Prior video distribution systems had on the order of 300 pins available for distribution of video signals. Since an RGB video signal requires 7 bits per color plus control bits, 24 bits per channel are typically required. If the user requires 6 channels, the number of pins requires increases to 144 (6 channels*24 bits). However, where cost constraints dictate the usage of generally available VME bus connectors having fewer than 100 pins and the demand for video channels is increasing, the challenge faced is that of having too few pin resources to meet the output demanded of the video distribution system. To solve this problem, the analog signals are digitized in YCrCb format and the video data multiplexed over the available channels.
The video data that is output from video controller 204 is input to bus drivers 0–4 on three 10-bit and two 9-bit channels. The 10-bit channels can be used for a single color video stream (8 data lines and two clock lines) while the 9-bit channels are used only for color video streams (8 data lines and one clock line). However, to reduce the number of lines from the bus drivers, the bus driver outputs are multiplexed via a VID Bus Multiplexer (not shown) from video buses 158.
Video data is received by analog video controller 204 from digitizers 0–4 at a clock rate that is twice the output of controller 204. At controller 204 the data is clocked at a rate of up to 33 MHz with two data words being transmitted during a single clock cycle (the first word on the rising clock edge and the second word on the falling clock edge). Using double edge clocking effectively reduces the number of lines and reduces the clock speed from video controller 204 to the MMVP (Multimode Video Processor—not shown), thereby avoiding frequency mismatch problems or glitching that may occur on backplane 162 due to the use of off the shelf components. All data lines should be stable at least 4 ns before a clock edge is measured. All data lines should also be held valid for a minimum of 0 ns after a clock edge is measured. The data is latched and demultiplexed so that is it provided on router data lines (not shown) at ½ the incoming rate (where first and second data words are available at rising clock edges). Thus the decoding of the data at the MMVP module (not shown), coupled to VID 152, is automatic by using the appropriate edge to clock the data into each half of the data register.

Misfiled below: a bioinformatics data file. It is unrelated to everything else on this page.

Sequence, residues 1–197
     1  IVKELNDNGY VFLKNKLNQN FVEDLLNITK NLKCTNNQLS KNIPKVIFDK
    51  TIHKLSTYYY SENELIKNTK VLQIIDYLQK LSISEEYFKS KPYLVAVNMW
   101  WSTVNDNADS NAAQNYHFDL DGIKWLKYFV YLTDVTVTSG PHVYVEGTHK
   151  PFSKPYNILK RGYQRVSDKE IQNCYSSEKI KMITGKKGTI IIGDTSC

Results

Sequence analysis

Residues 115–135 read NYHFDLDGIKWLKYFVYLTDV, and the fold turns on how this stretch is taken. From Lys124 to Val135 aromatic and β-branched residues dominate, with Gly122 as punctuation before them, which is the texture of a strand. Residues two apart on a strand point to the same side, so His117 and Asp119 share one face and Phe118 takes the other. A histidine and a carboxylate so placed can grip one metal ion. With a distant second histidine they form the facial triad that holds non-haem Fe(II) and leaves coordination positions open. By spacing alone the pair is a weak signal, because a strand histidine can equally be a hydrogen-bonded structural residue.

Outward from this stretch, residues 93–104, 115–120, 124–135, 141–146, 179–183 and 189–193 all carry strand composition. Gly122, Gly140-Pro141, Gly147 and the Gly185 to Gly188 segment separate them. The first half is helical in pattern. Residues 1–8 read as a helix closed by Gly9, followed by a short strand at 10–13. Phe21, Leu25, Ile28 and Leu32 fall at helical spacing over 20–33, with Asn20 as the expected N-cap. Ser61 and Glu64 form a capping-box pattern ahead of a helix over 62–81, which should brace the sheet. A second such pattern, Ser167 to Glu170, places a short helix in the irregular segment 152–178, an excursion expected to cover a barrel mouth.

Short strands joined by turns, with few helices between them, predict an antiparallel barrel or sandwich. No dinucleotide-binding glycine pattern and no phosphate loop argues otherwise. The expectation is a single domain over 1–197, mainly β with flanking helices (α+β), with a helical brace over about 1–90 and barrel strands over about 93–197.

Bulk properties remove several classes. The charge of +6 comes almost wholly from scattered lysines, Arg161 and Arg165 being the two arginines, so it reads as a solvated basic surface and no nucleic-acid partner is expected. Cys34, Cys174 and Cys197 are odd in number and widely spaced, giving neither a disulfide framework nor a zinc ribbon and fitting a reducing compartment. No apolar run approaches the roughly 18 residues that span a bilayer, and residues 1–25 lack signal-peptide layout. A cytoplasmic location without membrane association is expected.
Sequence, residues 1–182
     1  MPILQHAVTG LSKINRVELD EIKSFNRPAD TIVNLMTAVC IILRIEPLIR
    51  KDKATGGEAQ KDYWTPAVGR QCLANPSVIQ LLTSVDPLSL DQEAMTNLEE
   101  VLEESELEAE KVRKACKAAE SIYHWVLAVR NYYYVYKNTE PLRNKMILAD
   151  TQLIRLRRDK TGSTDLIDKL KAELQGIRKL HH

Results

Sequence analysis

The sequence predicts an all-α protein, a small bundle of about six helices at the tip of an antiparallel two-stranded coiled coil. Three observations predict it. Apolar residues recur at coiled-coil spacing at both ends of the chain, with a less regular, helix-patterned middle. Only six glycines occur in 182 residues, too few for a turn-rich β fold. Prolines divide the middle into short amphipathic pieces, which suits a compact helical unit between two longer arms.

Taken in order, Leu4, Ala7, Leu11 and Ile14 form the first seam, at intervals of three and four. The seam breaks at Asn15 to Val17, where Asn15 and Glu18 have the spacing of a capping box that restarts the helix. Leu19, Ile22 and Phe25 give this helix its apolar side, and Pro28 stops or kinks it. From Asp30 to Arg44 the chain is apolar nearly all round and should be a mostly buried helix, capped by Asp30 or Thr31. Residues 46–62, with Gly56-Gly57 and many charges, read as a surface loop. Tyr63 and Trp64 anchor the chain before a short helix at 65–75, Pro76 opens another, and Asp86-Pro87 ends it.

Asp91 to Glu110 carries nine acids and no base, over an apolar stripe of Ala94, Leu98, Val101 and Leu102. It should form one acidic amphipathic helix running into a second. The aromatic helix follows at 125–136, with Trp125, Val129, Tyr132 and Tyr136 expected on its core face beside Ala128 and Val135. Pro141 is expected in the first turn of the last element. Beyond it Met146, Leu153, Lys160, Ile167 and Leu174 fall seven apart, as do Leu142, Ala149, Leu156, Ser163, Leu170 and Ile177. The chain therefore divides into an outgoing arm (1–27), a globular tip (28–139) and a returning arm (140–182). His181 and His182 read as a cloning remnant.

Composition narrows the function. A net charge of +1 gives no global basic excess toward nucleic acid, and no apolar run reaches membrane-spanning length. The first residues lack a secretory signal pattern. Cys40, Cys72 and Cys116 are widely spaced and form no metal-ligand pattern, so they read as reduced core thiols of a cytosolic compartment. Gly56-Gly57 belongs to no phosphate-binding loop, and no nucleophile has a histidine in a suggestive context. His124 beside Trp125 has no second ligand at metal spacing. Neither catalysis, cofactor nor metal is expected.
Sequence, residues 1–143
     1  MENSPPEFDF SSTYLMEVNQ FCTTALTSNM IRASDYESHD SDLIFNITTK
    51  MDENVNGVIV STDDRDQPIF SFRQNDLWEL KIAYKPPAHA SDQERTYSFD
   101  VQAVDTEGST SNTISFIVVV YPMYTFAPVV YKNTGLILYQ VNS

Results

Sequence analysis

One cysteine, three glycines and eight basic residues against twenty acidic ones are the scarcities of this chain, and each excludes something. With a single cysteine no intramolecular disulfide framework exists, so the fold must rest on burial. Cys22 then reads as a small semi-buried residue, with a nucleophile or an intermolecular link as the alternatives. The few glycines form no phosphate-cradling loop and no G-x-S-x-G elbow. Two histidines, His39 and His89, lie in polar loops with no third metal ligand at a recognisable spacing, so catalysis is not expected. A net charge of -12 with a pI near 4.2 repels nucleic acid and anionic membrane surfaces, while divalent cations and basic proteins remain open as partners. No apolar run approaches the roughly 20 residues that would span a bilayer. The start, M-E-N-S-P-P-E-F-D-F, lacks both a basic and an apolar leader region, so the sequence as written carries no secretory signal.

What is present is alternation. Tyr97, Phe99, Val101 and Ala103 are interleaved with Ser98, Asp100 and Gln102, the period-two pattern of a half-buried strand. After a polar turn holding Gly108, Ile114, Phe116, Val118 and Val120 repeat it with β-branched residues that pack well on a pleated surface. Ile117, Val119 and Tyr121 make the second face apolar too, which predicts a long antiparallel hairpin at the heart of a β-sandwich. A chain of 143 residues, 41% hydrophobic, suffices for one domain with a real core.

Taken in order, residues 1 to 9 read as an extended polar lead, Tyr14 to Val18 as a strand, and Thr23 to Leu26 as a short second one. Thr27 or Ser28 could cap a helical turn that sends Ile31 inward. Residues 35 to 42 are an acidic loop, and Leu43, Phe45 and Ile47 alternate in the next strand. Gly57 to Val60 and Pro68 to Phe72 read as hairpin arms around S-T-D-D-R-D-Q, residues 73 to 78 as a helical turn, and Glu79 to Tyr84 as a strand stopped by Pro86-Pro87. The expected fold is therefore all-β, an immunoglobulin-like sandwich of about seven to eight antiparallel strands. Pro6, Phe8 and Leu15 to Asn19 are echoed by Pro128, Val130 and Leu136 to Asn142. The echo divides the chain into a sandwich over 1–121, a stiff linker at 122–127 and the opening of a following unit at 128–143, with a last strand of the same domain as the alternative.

In an example embodiment, VID buses 0–2 consist of a 10-signal interface wherein the upper half of the 10-signal interface includes 4 data lines and an associated clock line, and the lower half is similarly arranged. The number of input pins is reduced by time multiplexing pixel data on each half of the bus using the rising and falling edges of the clock signal. Four bits comprising half of word 0 are transferred on the rising edge of the clock, and four bits comprising half of word 1 are transferred on the falling edge of the clock. Thus, each complete clock cycle produces 8 bits of data from each half of a VID bus. When both halves of a transfer are used together, a single color video stream can be transferred on a VID bus.
VID buses 3–4 are comprised of 9 signal lines: 8 data lines and 1 clock line. Thus, as compared to the 10-wide VID buses the 9-wide VID buses have a single clock signal controlling both the upper and lower halves of the 8 data lines. The tables below illustrate the color and monochrome data formats. Table 1 is the data format for a 10-wide VID bus configured for a single color video stream; and Table 2 is the data format for a 9-wide VID bus configured for a single color or monochrome video stream. Note that Table 1 includes two clock signals (C(U) and C(L)), while Table 2 includes only a single clock signal. Y0–7 are the bits that represent the intensity level of a pixel, and CrCb0–7 represent the chroma level of a pixel.
(single color) - VIDBus Formats
Video stream A
Video stream B